8. Mentors and mentees will be notified of their match.
9 Mentee will be contacted details about their assignment mentor.
10. Details of the program along with program guidelines will be provided to the mentor.
11. It is the mentor’s responsibility to contact the mentee to initiate the mentoring process.
12. At the first meeting, the schedule of topics and the activities should be discussed and agreed upon.

Strive to maintain a positive mentorship with your mentee for as long as possible. If all goes well, the relationship can last a lifetime. But if that is not the case, then the leader should notify the mentee of the date and time of their final session well in advance. The mentorship may end due to the completion of the goal, personal development, or educational experiences. On the negative side of things, the mentorship may end because the pairing was simply a bad match.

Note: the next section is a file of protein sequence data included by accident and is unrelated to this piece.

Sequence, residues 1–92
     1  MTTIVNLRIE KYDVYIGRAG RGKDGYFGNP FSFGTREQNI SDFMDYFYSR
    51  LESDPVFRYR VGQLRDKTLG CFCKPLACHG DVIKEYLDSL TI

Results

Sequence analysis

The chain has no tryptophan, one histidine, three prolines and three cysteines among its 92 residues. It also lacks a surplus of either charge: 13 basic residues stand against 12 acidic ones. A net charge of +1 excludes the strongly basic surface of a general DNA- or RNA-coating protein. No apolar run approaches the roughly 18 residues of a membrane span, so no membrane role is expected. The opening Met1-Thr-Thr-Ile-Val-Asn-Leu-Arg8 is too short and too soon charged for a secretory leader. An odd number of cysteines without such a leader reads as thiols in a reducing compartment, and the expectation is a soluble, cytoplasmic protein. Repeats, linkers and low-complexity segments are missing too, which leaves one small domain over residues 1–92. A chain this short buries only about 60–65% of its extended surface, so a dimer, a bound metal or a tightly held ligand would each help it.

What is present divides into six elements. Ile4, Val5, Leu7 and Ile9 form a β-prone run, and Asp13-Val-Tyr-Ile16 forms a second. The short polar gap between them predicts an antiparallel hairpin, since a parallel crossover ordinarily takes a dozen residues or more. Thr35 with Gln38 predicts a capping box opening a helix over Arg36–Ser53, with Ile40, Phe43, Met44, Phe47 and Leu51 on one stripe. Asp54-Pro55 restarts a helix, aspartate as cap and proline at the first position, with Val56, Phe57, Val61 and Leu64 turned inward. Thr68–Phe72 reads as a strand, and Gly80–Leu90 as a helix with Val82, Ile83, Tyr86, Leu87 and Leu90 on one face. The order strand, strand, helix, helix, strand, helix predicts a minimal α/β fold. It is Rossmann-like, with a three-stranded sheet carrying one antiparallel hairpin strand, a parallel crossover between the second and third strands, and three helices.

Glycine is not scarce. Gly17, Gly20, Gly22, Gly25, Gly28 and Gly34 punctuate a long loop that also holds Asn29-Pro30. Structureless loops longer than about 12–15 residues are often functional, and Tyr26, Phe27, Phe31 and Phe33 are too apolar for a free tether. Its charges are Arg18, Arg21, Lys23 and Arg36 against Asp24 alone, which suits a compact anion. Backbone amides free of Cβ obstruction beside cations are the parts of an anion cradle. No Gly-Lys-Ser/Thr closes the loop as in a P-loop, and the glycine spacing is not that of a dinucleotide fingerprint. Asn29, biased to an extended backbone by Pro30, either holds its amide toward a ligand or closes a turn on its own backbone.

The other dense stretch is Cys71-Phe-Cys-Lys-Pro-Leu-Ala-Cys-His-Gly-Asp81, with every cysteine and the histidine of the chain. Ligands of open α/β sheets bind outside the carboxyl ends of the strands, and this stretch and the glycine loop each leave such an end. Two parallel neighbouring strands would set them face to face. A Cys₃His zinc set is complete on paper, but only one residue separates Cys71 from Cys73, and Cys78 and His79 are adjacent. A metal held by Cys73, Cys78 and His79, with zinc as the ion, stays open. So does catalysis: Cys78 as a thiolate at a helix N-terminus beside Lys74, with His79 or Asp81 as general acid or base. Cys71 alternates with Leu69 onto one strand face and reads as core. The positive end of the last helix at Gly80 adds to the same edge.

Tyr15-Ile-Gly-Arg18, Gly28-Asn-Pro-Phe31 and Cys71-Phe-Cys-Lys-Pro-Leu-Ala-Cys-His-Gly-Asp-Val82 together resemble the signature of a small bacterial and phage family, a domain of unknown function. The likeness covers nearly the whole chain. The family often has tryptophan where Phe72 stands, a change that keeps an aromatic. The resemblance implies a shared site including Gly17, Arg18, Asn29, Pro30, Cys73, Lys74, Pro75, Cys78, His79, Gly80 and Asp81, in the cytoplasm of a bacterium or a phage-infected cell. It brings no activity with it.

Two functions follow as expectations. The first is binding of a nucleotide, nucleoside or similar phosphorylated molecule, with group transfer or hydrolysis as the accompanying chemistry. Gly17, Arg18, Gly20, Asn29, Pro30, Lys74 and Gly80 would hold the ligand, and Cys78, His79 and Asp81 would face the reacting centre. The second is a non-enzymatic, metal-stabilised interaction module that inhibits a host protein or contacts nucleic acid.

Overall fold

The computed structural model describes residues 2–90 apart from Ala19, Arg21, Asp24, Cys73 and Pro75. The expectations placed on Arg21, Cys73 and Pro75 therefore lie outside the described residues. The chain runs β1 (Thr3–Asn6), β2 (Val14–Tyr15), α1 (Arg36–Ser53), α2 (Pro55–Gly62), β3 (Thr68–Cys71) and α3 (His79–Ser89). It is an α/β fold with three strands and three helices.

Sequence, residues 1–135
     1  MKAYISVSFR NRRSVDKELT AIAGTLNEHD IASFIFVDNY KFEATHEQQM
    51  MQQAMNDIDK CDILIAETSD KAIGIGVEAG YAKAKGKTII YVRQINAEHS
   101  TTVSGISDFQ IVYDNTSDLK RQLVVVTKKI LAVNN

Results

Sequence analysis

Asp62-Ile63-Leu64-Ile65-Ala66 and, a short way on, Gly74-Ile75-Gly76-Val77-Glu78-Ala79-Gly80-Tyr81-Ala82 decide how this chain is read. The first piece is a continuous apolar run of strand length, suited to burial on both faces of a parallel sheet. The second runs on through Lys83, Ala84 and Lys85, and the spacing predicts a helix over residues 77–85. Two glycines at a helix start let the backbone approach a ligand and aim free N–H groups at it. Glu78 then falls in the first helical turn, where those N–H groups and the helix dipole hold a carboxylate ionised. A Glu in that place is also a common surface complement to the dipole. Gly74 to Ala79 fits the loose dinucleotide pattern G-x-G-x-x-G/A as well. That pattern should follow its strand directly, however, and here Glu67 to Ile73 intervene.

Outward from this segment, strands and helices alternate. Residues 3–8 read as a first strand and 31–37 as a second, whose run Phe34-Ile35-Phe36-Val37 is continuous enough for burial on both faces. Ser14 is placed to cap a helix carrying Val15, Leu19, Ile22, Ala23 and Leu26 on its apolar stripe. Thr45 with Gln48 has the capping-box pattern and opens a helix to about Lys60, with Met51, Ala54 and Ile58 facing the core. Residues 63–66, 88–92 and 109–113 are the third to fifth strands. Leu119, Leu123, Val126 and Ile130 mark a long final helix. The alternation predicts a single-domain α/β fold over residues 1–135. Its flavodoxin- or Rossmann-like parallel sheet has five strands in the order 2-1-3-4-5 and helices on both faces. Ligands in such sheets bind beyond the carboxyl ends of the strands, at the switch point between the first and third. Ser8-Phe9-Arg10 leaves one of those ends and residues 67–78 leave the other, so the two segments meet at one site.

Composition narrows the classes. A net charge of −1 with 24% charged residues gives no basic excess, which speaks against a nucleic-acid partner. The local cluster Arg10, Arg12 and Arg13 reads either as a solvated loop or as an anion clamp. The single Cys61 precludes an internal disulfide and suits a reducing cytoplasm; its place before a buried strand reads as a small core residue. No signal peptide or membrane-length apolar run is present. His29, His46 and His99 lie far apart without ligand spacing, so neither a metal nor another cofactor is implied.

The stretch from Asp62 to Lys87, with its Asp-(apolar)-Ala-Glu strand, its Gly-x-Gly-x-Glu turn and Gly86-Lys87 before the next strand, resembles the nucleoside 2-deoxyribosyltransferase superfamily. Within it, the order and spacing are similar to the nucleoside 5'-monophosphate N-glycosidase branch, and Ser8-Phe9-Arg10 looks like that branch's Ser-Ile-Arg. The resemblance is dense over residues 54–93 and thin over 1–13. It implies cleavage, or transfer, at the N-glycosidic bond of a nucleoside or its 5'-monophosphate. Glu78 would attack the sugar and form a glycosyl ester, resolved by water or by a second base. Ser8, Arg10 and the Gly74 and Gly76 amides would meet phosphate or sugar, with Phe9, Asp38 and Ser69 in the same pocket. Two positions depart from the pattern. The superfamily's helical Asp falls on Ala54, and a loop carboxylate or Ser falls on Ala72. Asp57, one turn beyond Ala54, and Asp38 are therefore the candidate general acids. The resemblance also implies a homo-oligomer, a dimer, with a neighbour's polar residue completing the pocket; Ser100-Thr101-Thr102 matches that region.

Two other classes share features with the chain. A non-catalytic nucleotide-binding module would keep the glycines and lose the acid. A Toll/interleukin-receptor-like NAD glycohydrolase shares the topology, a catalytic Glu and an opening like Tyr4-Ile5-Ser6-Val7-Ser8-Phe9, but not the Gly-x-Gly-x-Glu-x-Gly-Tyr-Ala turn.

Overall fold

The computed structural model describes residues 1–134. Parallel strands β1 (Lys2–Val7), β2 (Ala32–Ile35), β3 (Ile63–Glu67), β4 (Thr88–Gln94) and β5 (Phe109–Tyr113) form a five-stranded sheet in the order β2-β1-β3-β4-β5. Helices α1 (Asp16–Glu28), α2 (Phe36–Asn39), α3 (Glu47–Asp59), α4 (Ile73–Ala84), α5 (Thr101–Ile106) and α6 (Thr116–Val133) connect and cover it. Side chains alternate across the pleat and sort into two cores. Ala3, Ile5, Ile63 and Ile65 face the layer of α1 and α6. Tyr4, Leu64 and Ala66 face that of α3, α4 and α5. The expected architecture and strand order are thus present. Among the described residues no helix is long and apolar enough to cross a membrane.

Everything comes down to leadership, whether you are the leader of a non-profit organization, a small business, a Fortune 500 Company, or a line crew. Remember, a great leader will always work on their morality, character, influence, commitment level, communication, innovation, decision-making, problem solving, and their administrative and mentoring skills. Do not hesitate to evaluate yourself and make the necessary improvements to become a better leader. Remember, the world needs more great leaders to prepare, train, and mentor the leaders of tomorrow.

Hoodia and Alli – Product Reviews